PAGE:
Serwaa Gyasi '22, Radiologic Sciences major
Serwaa Gyasi is one of many veterans and active-duty military members who are part of the St. Francis College family, among our alumni, our current student body and our faculty and staff past and present.
After living in her native Ghana until age seven, Serwaa immigrated with her family to the United States, settling in Yonkers. She graduated from William Taft High School in the Bronx in 2013 and, after completing some coursework at Long Island University, enlisted in the U.S. Army in 2016, serving for four years active duty, including a nine-month deployment to Afghanistan.
Serwaa just wrapped up her first year at St. Francis College in pursuit of a BS in Radiologic Sciences, which the College offers in partnership with Center for Allied Health Education (CAHE). Serwaa plans to specialize in OB/GYN and abdominal radiology.
In recognition of National Armed Forces Day (May 16th), Serwaa reflected on her military career and the life of service she hopes St. Francis prepares her for.
How did you decide to attend St. Francis College?
I was in my last year of my active duty contract in the military. I was based at Fort Bliss, Texas. I wanted to finish school, so I was looking at ones that offered my [intended] degree, which is radiologic sciences.
I noticed LIU had it. I attended LIU for a year and a half already, and I knew LIU had a bigger body of students. I liked the small classroom setting where the teacher actually notices me and I'm able to answer questions.
I called St. Francis and Googled it to make sure its accreditation and everything was good. Then I saw that they take online credits. Because I was traveling places with the military, I had done online classes. I applied.
Can you tell me more about your military background?
I went to Maryland in 2014 to live with my uncle. He's in the military. He's a Master Sergeant right now. He works for White House communications for the President. I was always fascinated by the military and I have a lot of student loans. I thought this is a way that I can pay off the loans and also give service.
I enlisted, and on January 11th of 2016, I went to basic training. I also completed my military job training, which is called AIT [Advanced Individual Training]. I then went to my unit, which is an infantry unit, mostly male. I went to Fort Bliss, and we ended up deploying to Afghanistan in December of 2016. We were in deployment for about nine months, until October 2017.
The military was never something that I wanted to do [growing up]. My friends can tell you. They were so shocked when I enlisted. I think joining the military just opened my eyes to the path that I wanted to pick in my life.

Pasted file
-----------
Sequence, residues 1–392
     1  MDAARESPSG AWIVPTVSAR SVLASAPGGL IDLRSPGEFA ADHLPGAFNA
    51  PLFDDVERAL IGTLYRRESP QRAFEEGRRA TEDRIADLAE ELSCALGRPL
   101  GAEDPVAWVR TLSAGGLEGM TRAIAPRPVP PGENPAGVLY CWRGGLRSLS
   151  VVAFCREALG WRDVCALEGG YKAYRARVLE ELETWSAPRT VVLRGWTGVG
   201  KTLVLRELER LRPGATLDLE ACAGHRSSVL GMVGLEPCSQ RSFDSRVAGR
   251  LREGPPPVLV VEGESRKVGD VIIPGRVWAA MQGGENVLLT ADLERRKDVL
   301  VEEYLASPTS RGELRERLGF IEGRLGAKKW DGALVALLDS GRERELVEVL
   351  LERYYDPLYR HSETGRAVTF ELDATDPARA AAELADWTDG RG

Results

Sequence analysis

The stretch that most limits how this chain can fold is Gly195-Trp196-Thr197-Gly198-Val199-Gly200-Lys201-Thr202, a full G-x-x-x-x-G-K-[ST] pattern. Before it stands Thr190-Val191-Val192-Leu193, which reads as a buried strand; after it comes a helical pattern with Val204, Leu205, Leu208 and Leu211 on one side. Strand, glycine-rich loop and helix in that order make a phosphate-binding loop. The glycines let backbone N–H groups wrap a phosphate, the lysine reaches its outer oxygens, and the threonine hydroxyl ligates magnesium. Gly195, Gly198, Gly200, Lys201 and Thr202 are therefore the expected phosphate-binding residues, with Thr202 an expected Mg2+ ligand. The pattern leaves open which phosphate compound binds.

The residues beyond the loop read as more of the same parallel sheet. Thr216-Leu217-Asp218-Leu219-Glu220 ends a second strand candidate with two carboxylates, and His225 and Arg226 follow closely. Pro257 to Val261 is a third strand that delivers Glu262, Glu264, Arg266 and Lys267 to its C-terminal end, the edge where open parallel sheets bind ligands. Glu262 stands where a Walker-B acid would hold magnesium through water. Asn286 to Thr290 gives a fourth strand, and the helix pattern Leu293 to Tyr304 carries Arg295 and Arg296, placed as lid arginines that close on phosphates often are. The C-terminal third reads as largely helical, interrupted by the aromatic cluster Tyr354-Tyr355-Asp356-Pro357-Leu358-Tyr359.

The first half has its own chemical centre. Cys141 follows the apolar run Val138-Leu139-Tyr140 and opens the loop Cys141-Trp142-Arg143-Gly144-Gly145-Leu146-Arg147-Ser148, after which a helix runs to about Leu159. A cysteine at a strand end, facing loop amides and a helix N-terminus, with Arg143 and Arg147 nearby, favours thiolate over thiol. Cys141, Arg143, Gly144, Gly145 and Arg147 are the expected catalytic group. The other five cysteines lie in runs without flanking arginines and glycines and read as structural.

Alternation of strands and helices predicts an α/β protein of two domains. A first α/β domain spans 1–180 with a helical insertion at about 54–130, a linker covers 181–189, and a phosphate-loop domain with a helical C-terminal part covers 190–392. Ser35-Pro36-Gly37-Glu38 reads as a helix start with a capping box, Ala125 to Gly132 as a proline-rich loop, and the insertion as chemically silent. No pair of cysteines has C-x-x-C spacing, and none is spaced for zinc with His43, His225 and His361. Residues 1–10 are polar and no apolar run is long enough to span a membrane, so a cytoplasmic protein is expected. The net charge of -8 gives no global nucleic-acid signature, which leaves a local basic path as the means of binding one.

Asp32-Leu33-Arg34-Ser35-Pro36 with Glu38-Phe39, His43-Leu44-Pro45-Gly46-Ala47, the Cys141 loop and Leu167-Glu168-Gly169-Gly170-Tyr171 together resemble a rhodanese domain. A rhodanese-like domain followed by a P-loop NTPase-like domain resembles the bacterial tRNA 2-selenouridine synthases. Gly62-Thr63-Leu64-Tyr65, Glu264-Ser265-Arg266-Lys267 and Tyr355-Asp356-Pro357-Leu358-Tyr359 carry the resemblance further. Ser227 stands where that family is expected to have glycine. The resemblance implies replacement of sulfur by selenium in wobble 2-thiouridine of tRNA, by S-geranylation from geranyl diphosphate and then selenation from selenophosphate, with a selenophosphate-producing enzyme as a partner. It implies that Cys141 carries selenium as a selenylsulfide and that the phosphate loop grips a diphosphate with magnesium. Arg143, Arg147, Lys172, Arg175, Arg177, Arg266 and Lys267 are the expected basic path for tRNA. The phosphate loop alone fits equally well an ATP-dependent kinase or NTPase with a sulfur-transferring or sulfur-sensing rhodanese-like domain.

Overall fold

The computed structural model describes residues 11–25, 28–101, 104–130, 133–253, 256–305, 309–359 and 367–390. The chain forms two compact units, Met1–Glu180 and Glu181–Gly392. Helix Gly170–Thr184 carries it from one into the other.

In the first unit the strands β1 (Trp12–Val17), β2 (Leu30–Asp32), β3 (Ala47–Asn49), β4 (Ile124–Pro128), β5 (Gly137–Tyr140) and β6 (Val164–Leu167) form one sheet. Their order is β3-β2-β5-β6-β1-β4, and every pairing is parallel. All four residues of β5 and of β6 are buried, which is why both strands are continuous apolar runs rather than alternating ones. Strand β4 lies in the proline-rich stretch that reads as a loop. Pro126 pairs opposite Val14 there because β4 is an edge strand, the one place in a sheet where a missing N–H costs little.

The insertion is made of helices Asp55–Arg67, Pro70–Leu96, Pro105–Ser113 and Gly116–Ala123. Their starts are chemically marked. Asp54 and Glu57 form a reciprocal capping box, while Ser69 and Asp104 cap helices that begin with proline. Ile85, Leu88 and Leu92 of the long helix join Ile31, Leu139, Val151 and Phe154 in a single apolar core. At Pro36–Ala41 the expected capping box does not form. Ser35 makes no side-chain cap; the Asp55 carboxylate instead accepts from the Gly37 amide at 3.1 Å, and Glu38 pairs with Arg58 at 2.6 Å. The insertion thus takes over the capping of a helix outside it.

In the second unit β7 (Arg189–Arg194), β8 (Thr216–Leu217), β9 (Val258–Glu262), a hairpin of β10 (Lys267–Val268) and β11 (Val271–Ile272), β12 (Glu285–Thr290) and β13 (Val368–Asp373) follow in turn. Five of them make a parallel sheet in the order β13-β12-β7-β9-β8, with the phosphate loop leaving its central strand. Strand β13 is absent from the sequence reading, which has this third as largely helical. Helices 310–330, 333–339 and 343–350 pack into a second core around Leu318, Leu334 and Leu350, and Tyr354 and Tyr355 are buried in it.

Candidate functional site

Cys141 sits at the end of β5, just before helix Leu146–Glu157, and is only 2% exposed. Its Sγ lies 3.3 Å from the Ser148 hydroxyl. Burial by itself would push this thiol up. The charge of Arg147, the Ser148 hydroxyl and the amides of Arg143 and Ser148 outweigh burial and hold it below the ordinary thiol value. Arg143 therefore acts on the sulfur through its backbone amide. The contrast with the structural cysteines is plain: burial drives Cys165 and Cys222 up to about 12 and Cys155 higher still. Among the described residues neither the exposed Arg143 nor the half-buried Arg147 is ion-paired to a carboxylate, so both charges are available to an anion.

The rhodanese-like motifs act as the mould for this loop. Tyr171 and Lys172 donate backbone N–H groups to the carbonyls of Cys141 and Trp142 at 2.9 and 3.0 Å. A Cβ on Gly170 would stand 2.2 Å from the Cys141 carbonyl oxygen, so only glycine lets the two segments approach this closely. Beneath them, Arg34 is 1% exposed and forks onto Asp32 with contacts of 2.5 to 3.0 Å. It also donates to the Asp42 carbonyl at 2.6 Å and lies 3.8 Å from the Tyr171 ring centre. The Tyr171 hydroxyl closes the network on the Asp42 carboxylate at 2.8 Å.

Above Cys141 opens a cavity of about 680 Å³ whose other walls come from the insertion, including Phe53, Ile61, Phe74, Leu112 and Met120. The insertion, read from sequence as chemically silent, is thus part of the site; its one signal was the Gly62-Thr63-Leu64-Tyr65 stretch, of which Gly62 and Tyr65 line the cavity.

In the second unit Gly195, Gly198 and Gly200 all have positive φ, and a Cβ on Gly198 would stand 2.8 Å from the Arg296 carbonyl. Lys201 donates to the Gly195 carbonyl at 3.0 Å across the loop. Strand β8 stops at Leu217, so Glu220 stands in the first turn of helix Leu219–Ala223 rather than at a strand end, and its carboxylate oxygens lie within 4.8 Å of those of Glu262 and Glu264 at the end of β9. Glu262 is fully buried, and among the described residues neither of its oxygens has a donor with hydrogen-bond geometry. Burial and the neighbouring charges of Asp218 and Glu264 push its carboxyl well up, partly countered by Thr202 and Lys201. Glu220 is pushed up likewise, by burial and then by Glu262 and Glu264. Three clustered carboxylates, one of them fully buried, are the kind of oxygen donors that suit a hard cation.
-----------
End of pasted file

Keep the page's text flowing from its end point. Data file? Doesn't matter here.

What was being in Afghanistan like?
That was probably the most thrilling thing I've ever done in my life. It's just a part of me.
Afghanistan was an eyeopener. I think people [in the United States] take things for granted. Even if it's just waking up in the morning and having fresh water to drink. When I was in Afghanistan, there were these kids who would just be happy to have a pen. These kids have nothing and we have so much. That was the best experience I ever had in the military. It is one of the reasons why I chose to also go into the medical field: so that I can give back to the military and also do humanitarian services outside the country.
What's it like for you as a veteran at St. Francis college?
I think it's very welcoming. I think the College makes sure that we're very accommodated in anything that we need.
What's been the best part of being a St. Francis College student so far?
I think meeting new people. That's what I loved about the military. I was very surprised and I was very glad that St. Francis was such a diverse community because I felt like I was back in the military where I was meeting people from all over the world. And that's just one of my favorite things.
What do you see for yourself after you complete your St. Francis College education?
It's been going through my mind: should I join the military again? I definitely want to work with the federal government, work at a military-based hospital. It's definitely my dream to always work with veterans and help veterans who have disabilities.
The other thing is giving back to my home country. Helping them with medical stuff because I know it's not as developed there as the United States. So I would go back and just give whatever I can.
What is your message to your fellow military members thinking about college?
I would say never give up on anything. That has been something that has stuck me. In the military we have something called selfless service. You always have to think about that, and everything you do has to be selfless. Don't think about [what you do because] you're going to get an award for it but do it because it's something that you want to do to help people.
It's very hard being in the military and going through college online stuff. But I would say don't give up because you made it this far in the military. You were able to join that one percent of the entire U.S. population that joined the military and that one percent is very special. I feel like you should always go harder, push harder. Always do what you want to do to be successful and always do what you want to do to help other people.